[UPDATE]

full name / name of organization: 
University of Idaho Graduate Literature Conference
contact email: 
glcc@uidaho.edu

Inter/Intra Textuality: An Interdisciplinary Examination of Texts

Conference Synopsis:

The Graduate Students in Literature at the University of Idaho invite submissions for conference presentations on the topic of inter- and intra-textuality. Our keynote speaker will be Dr. Timothy Seiber, from the University of Redlands Johnston Center; he will be presenting a talk entitled “Total Ecology: An Investigation of Bodies, Media, and Texts.”

The primary goal of this conference is to consider how readers interact with texts, and texts with each other. By “Intra-textual” we refer to the relationships within texts themselves. The term “Inter-textual” expands the scope of these relationships to include not only interactions within texts, but among them, and between them and disparate communities as well. Every text, however seemingly specialized or insular, grows from and is interpreted within the context of its unique relationship to other texts, authors, theories, and events. These relationships can act as magnets, attracting myriad other texts and growing a community of ideas bound by common relationships.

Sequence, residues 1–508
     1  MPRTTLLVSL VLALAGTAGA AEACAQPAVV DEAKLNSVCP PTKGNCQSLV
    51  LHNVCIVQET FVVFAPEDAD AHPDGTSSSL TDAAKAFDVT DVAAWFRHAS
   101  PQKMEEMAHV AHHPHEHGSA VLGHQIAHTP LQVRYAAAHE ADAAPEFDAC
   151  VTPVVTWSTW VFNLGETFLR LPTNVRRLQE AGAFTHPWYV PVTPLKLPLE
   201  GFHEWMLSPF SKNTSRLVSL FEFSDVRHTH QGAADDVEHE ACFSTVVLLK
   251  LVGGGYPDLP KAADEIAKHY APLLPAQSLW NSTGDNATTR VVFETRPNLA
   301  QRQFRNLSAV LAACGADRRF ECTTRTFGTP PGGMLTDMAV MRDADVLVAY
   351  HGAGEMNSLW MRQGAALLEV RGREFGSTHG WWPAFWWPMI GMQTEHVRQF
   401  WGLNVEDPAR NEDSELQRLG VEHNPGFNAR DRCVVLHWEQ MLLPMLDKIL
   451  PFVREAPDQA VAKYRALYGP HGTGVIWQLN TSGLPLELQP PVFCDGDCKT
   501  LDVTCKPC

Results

We encourage submissions from a wide array of perspectives which address relationships within and between texts and across textual communities. Submissions may include, but are not limited to, an exploration of the following questions:
- In what ways do relationships within texts inform similar relationships in the non-textual world?
- What role do different cultures and environments play in shaping relationships among textual communities?
- How might the relationship between reader and text function as a type of ecology?
- What role does rhetoric play in constructing relationships or mediating interactions with regard to literature?
- What is the relationship between theory and communities of texts?
- Can different genres function as ecosystems or environments? If so, what are the implications of such environments?
- How do interactions between texts and/or readers differ based on varying external components?
- How might an environmental lens affect interpretation of relationships among characters within a text?

Submission Guidelines:
Submit abstracts (including presentation title) of no more than 250 words for a 20 minute presentation to glcc@uidaho.edu by January 14, 2011. Abstracts should be attached as a Word or PDF file. Please include your name, affiliation, e-mail address, and AV requirements.

More info and updates: uiglc.tumblr.com

cfp categories: 
american
cultural_studies_and_historical_approaches
ecocriticism_and_environmental_studies
ethnicity_and_national_identity
film_and_television
gender_studies_and_sexuality
graduate_conferences
interdisciplinary
rhetoric_and_composition
theory